The limit for harvesting Alaska’s state fish is dropping by quite a bit this year.
The Alaska Department of Fish & Game (ADF&G) announced this week that the preseason Chinook salmon harvest limit in Southeast Alaska is 209,700 fish. This total is 146,000 fish lower than the preseason limit in 2016.
The Chinook Technical Committee determines the all-gear harvest limit for Southeast Alaska, basing it on the forecasted abundance of the Chinook salmon and on the provisions dictated by the Pacific Salmon Treaty. The treaty, ratified in 1985, looks to prevent over-fishing and ensure that both the United States and Canada get a fair amount of salmon each.
Regulations on king salmon — including Chinook salmon — are always strict, but are more so this year. Alaska residents can bag and possess two king salmon of 28 inches or more, while non-residents can only possess one salmon at a time. Non-residents can only harvest three king salmon in a year. This year’s regulations are in effect from April 12, 2017 to May 1, 2018.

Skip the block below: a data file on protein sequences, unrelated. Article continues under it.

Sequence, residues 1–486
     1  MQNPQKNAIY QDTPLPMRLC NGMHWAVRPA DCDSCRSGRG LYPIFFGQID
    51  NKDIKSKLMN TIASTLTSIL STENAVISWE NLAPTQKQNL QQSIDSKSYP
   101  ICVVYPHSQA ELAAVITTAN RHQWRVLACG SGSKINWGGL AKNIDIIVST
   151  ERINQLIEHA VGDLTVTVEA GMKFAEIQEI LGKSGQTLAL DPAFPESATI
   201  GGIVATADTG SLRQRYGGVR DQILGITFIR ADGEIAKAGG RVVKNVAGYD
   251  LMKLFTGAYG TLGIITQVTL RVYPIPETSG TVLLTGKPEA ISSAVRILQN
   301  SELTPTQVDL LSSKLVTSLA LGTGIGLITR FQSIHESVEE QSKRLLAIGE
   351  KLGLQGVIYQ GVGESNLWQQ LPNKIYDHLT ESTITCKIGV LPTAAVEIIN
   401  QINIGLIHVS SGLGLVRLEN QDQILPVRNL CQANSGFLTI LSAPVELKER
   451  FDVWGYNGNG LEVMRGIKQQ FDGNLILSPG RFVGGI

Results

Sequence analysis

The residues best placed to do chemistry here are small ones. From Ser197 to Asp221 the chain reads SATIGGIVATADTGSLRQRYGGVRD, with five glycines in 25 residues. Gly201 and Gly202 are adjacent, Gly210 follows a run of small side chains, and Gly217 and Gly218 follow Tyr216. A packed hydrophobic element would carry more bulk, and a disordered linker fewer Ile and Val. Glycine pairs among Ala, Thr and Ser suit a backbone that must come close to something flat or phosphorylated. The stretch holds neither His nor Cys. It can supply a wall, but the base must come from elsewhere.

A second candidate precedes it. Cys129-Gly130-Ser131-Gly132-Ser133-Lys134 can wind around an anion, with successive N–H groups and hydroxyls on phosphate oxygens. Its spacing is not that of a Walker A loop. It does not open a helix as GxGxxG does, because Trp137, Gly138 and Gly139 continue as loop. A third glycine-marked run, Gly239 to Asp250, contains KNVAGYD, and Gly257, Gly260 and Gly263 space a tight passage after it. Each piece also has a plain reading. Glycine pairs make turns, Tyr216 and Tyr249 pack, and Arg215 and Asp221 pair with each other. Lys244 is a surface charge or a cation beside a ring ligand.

Chinook salmon are the largest of any salmon, according to ADF&G, usually at about 36 inches long and 30 pounds. The Chinook salmon is the state fish of both Oregon and Alaska, as those states named it to that position in 1961 and 1962, respectively.